A Yankee Notebook

February 6, 2017


MONTPELIER – For several years on the storytelling circuit I was able to get good comic mileage out of associating the Boston Red Sox with the New England climate. The Sox, you will recall, hadn’t won a World Series title since 1916, but somehow retained the ability to threaten again and again to do it again. They were forever hurling themselves against the adamantine wall of their favorite nemesis, the New York Yankees. Every spring, sports pundits and press agents played the Winter Haven Symphony, subtitled “19 [fill in the year] is the season they’ll finally do it again!” It was heavy on tympani and portentousness, like a Wagnerian opera, and thousands of us actually allowed ourselves to fall for it.

Alas, to no avail. In spite of rosters studded like a night sky with stars like Carl Yastrzemski, Ted Williams, Jim Rice, and Carlton Fisk, they always came up short. “The Chicago Cubs are a farce,” opined one sportswriter, “but the Boston Red Sox are a tragedy.” I can still see as clearly as if it were yesterday the ball dribbling between Bill Buckner’s ankles at first base; it wakes me in the night, grinding my teeth.

We New Englanders, however, had pretty much gotten used to it – just as we’ve always put up with abnormal sugaring seasons (if you think of it, we’ve never had an average one), summers that were too wet or too dry, hay that was too poor to feed or too expensive to buy, roads and driveways as slick in season as beaver slides, black flies and mosquitoes, and finger cracks. New England was our chosen home, for better or worse, like a marriage, and the Red Sox expressed perfectly both our naive hopes and keen disappointments. They drove us crazy, but we’d defend them to the death in response to snickers from folks from away.

This past Sunday evening’s football game was a perfect incarnation of the character that we so much embody and honor here in what the rest of the world considers the blue-state liberal elite center of the East Coast. In a little less than four hours – as opposed to the decades during which the Red Sox did the same – the New England Patriots, a name that’s usually underappreciated and rarely conjured with, even in these days of chest-beating nativism, ran their fans through the wringer of emotions that explains better than anything else why our default mode here in the chilly swamps and bushes is irony – even an often bitter irony.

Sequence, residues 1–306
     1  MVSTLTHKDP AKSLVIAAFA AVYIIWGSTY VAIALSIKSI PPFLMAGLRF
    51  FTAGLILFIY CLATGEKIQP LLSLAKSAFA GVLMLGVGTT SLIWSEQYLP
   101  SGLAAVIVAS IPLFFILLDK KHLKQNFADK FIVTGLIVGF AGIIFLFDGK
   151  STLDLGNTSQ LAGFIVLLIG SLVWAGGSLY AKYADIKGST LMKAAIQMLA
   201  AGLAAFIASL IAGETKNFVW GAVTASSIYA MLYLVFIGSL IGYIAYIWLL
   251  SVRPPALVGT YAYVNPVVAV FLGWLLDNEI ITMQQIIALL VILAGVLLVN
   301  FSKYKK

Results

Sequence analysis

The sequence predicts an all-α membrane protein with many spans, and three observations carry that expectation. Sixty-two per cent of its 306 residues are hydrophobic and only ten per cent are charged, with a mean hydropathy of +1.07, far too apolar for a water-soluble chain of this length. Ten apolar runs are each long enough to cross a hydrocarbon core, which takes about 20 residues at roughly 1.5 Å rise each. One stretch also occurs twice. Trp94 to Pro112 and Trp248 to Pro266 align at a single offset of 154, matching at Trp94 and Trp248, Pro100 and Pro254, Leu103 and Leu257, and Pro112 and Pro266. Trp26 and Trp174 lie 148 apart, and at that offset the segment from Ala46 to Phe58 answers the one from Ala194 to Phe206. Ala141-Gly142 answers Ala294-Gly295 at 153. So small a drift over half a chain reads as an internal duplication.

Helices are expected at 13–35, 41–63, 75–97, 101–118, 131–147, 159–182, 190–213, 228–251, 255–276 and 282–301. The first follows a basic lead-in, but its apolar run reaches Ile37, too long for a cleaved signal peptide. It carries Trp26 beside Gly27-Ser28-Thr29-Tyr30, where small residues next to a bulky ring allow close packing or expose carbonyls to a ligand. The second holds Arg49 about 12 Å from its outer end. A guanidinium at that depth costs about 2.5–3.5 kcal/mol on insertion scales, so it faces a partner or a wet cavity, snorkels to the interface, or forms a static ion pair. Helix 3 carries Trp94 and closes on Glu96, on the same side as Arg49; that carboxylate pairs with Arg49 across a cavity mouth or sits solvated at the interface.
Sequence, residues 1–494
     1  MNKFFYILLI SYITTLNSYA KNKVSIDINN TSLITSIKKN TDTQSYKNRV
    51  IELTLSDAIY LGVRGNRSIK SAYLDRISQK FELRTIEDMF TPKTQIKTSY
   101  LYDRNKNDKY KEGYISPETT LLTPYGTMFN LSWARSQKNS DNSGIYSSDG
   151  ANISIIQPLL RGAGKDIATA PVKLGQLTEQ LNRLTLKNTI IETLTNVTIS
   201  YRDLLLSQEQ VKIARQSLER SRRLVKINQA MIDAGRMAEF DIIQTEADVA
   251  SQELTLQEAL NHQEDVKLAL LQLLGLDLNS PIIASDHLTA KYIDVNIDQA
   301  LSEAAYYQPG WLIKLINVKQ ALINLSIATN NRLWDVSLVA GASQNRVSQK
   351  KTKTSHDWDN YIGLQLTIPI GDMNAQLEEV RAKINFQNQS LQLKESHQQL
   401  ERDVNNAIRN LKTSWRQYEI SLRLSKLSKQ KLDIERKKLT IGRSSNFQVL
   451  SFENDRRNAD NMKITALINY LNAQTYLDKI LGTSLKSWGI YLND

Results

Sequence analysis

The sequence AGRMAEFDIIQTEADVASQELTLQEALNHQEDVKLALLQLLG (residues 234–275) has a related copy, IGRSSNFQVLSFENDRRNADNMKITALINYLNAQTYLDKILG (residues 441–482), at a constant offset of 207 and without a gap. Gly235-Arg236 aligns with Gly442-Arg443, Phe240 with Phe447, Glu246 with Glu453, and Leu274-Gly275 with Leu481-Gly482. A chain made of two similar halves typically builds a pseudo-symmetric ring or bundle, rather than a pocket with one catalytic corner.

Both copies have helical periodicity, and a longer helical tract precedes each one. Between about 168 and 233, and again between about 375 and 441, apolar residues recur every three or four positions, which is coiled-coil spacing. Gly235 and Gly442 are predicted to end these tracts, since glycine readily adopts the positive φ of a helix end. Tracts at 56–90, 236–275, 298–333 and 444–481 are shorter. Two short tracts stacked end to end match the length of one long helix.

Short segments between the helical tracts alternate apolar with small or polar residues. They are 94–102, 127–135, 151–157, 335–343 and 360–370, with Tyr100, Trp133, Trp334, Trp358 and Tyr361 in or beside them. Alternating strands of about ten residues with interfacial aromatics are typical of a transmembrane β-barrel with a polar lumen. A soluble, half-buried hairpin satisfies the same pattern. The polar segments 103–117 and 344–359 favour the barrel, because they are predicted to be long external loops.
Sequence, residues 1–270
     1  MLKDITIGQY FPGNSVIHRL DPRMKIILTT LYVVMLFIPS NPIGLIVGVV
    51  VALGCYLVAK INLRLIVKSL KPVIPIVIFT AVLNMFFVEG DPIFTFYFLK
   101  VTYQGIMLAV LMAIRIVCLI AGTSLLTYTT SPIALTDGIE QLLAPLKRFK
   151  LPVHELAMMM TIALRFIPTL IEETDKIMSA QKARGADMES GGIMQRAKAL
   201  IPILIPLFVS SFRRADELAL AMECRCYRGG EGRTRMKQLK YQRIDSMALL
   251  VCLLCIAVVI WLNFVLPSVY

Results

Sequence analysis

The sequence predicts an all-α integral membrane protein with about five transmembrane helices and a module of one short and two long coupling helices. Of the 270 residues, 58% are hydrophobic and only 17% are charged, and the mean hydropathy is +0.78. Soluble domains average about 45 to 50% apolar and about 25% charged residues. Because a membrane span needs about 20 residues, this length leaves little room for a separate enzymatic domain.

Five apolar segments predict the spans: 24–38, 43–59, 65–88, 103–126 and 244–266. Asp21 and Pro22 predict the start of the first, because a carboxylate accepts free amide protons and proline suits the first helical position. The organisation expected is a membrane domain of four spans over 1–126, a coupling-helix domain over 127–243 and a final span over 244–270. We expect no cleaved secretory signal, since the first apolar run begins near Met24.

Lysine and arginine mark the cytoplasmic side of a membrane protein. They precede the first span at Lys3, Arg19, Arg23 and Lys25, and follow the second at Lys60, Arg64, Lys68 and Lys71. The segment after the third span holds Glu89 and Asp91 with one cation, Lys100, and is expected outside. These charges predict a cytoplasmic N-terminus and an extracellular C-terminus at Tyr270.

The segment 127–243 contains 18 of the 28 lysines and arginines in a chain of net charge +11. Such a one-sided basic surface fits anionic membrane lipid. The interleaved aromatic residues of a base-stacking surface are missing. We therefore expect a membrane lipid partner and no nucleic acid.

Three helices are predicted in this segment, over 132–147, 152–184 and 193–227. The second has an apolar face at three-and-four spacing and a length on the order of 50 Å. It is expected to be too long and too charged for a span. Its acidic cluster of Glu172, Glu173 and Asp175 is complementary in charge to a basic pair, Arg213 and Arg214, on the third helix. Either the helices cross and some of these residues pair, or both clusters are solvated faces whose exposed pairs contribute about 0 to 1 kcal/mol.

For some unexplained reason, I have an allergy to dramatic tragedy. The great Doctor Samuel Johnson suffered from it, too, which gives me some comfort. I can’t stand to watch the inexorable and inevitable declines of Macbeth, Othello, Oedipus, or Willy Loman. Owing to this affliction, I find the Patriots almost excruciating to watch; their against-all-odds come-from-behind heroics are probably dangerous to my heart, which has now been beating longer than the average life expectancy for my demographic, and therefore commands a bit of consideration.

This past Sunday’s game, however, was such a blowout in the first half that there was clearly no possible hope of a comeback; the score at half-time was just depressing as hell.  Mother and I were watching it together in the common room of her nursing home, which has a nice six-foot screen. When she’d suggested it, I asked if there was likely to be pizza or finger food. Well, she answered, sometimes they do have snacks. So it was settled; we were there. But we’d reckoned without the average bedtime of the patients, which seems to be somewhere around seven; so we were alone in the big room, and sans refreshments.

The oddsmakers had the Patriots the victors by eight points, so I approached the game with the same equanimity I felt as we approached the last national election day. With the same result: calamity. “I don’t know what team Bill Belichick was getting the Patriots ready to play the last two weeks,” tweeted one disgruntled fan, “ but it sure wasn’t the Falcons.”

They were creaming us, and we turned the ball over twice, leading to a Falcons touchdown each time. As half-time approached, and with Mother losing interest, I said, “I can’t stand it any more. I’m going home. I’ll watch ‘Victoria’ on PBS.” Even the thought that the British drama would soon be in reruns, and this game never would be, wasn’t enough to slow me down. Who’d ever want to see this again?

“Victoria” was lovely, as usual. Afterward, just out of morbid curiosity, I checked Facebook to see how badly we’d been beaten. The site was aflame with wild expressions of delight. But in this day of fake news and unreliable sources, I couldn’t believe it, and checked several other sources. The Brady Bunch had done it again, this time breaking a few records in the process and generally stunning everybody.  Apparently, Coach Belichick had even almost avoided overtime with one of his trademark trick plays as time ran out.

I’ve watched the second half highlights a few times now on YouTube, rather shamefacedly acknowledging that I’d deserted the lads in their hour of distress. And lads is what they are, most of them – hardly older than our grandchildren. But somehow they managed to hope, against almost impossible odds, that the game could be saved. Owner Robert Kraft, during that awful first half, covered his face with his hands, too mortified to look. Elation was only an hour or so away.

We have no way of knowing how the Atlanta fans must feel this week; but here in New England, we’ve been given a lesson in pulling up our socks and persevering. Very timely, eh?

Photo by Willem lange